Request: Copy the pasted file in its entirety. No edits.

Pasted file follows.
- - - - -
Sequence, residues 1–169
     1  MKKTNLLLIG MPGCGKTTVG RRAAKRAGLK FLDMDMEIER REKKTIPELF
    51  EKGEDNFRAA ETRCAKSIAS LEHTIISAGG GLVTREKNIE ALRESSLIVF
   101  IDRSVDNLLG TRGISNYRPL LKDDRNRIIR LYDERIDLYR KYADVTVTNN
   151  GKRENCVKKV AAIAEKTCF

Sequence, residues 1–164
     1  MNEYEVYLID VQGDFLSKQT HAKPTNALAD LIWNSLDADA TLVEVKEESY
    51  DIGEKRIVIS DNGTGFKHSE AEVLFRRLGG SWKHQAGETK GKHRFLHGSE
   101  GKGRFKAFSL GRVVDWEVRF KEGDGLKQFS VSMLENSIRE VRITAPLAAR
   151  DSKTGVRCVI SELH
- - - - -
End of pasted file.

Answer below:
Sequence, residues 1–169
     1  MKKTNLLLIG MPGCGKTTVG RRAAKRAGLK FLDMDMEIER REKKTIPELF
    51  EKGEDNFRAA ETRCAKSIAS LEHTIISAGG GLVTREKNIE ALRESSLIVF
   101  IDRSVDNLLG TRGISNYRPL LKDDRNRIIR LYDERIDLYR KYADVTVTNN
   151  GKRENCVKKV AAIAEKTCF

Sequence, residues 1–164
     1  MNEYEVYLID VQGDFLSKQT HAKPTNALAD LIWNSLDADA TLVEVKEESY
    51  DIGEKRIVIS DNGTGFKHSE AEVLFRRLGG SWKHQAGETK GKHRFLHGSE
   101  GKGRFKAFSL GRVVDWEVRF KEGDGLKQFS VSMLENSIRE VRITAPLAAR
   151  DSKTGVRCVI SELH